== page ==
Some times it's just a minor tweak that can improve your telescope.
Over the years, I've found that making some small changes with your instrument,
can give you vastly improved results.
These are more for entry level and some mid range scopes, but same principles
apply to higher end instruments as well.
There a 3 areas in which you can make some minor changes, and get big results.
Here there are:
#1: Eyepieces; I can't repeat this enough times. Do not use poor quality eyepieces. They
will detract and take away from your observing pleasure.
Stay away from most Kellner's, and plossls type designs, which for the most part are the standard supplied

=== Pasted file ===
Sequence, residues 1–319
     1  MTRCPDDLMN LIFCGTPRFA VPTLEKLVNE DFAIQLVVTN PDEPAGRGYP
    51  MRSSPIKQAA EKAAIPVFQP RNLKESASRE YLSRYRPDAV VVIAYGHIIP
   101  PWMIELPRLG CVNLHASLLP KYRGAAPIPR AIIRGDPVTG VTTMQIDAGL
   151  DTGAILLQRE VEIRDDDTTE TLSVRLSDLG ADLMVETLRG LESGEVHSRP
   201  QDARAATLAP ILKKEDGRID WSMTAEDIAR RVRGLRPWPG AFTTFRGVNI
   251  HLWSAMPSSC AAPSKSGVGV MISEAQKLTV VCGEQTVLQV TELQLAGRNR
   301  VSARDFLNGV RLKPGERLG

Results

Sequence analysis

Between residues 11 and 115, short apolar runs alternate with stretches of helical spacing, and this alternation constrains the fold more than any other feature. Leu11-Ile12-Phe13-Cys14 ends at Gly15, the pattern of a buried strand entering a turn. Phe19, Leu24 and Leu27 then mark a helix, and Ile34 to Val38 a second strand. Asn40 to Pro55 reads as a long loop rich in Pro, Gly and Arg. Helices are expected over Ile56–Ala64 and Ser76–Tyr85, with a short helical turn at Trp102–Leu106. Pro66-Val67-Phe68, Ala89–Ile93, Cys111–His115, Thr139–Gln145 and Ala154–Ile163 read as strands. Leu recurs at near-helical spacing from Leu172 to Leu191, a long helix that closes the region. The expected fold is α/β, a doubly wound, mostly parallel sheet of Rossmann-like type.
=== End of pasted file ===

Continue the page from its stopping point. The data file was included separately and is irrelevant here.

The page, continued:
eyepieces with a lot of entry level telescopes.
A manufacturer cannot give you top end optics out of the box, because they want to keep the telescope
You don't need a whole bunch of eyepieces either; Just 3 decent ones will handle 99% of your observing
The mount: Tighten up all nuts and bolts here. Wing nuts also. If
neccessary, use spacers or washers (plastic or teflon is better)
to ensure that all slop or play is eliminated. To stabililze the tripod, hang a heavy weight (the type you
can buy as a free weight for bodybuilding), or use a bag filled with sand.
#3 Slow motion controls: If possible, replace these with some kind of knob. What happens it that when
it's a bit windy, the cables will jiggle, and cause vibration.
Paying attention to your telescope, and noticing any changes that might be occuring over time is just as important.
The more you use your equipment, the better attuned you will become with it.
PS Remember, if you are not able to resolve telescope problems, our technician's can help. You can email us
at firstname.lastname@example.org for further assistance.